Jon Stewart: EVERYBODY?
The story ends on a happy, upbeat note, with all the problems resolved and everyone getting back to leading happy, fulfilling lives ... but only if they're main characters. The characters the audience know and care about get their happy ending, but it comes at the expense of minor characters who get stuck with a Downer Ending.
Note that the term "minor characters" does not include villains, even of the Mook variety, since we expect them to wind up worse off in the end (and it is considered more shocking if they get away, are Easily Forgiven, or win).
Related to Protagonist-Centered Morality, Inferred Holocaust, Esoteric Happy Ending, Everybody's Dead, Dave, and Dwindling Party. If an Adam and Eve Plot is both apocalyptic and presented as having an upbeat ending, it's also this.
See also: What Happened to the Mouse?, where minor characters are forgotten about entirely.
Note: This is a Spoilered Rotten trope, that means that EVERY SINGLE EXAMPLE on this list is a spoiler by default and most of them will be unmarked. This is your last warning, only proceed if you really believe you can handle this list.
- The first series of Hungry Days ends with a couple confessing to each other and reciprocating, blissfully unaware of the apocalypse happening around them and the meteor about to claim their lives. While the two are at least soon to be Together in Death, they're the only two still standing at the end. Even worse, the cameos from some of the couples from previous commercials during this sequence imply their stories end in fiery demise.
- GoLion, with all the death and destruction, and Princess Amue losing her love in a Senseless Sacrifice.
- Inverted in Code Geass, where Lelouch dies and Suzaku fakes his death and forever takes on the identity of Zero, while the surviving main characters move on with their lives - Kallen gets to finish school without having to hide her identity, Ohgi and Viletta have Babies Ever After (and probably both go back to teaching school after Ohgi's term as prime minister), Tamaki opens a bar, and Empress Nunnally, Chairman Kaguya, and Tianzi Lihua rule over a peaceful world. And C.C. rides off in a cart to who-knows-where... and no, Lelouch wasn't driving it. Well, even though he's confirmed to return in next installment, it could still be someone else.
- Fushigi Yuugi. Yeah, Miaka and Tamahome get their happy ending... Too bad the other Guardians of Suzaku are either trapped in a book or dead. Ultimately subverted in Eiko Den with the Suzaku warriors being reincarnated into the modern world.
- This is sadly common for Yuu Watase's work. Consistently expect only the Official Couple to get a Happy Ending (or a Bittersweet Ending if that's the best the characters can hope for in that story), while all the other characters wind up dead, emotionally scarred, on the losing side of a Love Triangle, and whatever other unsatisfying conclusion you can think.
- In Wolf's Rain, the only characters shown in the Bittersweet Ending are the wolves (sans Blue) and Cheza. The implication is that human characters do not get to be reincarnated in the future.
- The Elfen Lied anime ends with the director of the facility laughing hysterically and the fate of the other diclonius isn't made clear. However, Kouta, Yuka, Mayu, and Nana all survive to the end and there is a chance that Lucy may have survived also.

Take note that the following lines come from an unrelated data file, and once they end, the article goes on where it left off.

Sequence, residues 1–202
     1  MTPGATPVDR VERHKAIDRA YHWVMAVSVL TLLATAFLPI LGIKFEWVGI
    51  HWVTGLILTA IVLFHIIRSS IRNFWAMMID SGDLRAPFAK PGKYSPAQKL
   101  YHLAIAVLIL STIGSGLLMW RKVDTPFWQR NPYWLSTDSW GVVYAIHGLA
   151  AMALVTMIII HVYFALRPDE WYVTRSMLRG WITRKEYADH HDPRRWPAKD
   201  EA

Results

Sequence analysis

- Depending on your perspective, it's either inverted, averted or played straight in Bokurano. The pilots' home universe survives, but all of them die, except for Kana and Seki in the anime. It's also discussed when Kirie talks with Tanaka about how it bothers him that people can consider a movie as having a happy ending if many unnamed characters suffer but the hero gets a happy ending, and he seems to consider such stories as having Esoteric Happy Endings unless the hero acknowledges the suffering of others.
- More or less inverted in Tengen Toppa Gurren Lagann. While humanity progresses and moves forward, the protagonists take big hits. The supporting section of the group survives but must deal with the deaths of the gunman pilots (especially the Black sisters with Kittan's death and Leyte and her children with Makken). They do rescue Nia, only for her to die a week later, after her marriage with Simon. Simon ends up Walking the Earth with Boota and Yoko returns to her isolated life as a teacher and later principal. Considering the overall messages, this is pretty jarring.
- The movies aren't as bad. While Kittan still dies, the other pilots still live. Nia's death still occurs and Simon's and Yoko's fates are still the same, if not played out mildly more optimistically.
- At the end of Episode: Hope of Danganronpa 3, Makoto and the survivors of class 78's killing game (plus Komaru) all survive the final killing game, and restart Hope's Peak Academy. Meanwhile, the former Remnants of Despair, while all alive and cured of the effects of Junko's Brainwashing Despair Video, are unlikely to be able to return to society ever again, due to their actions as Junko's lackeys and the fact that they helped to cover up the Final Killing Game, and due to the fact that Mitarai is now associating himself with them, he's in the same boat. Literally. Meanwhile, Munakata's off to do who knows what all alone, with the knowledge that the woman he loved was a member of the movement he hated so much, and that his best friend's death is partially his fault. And everyone else is dead.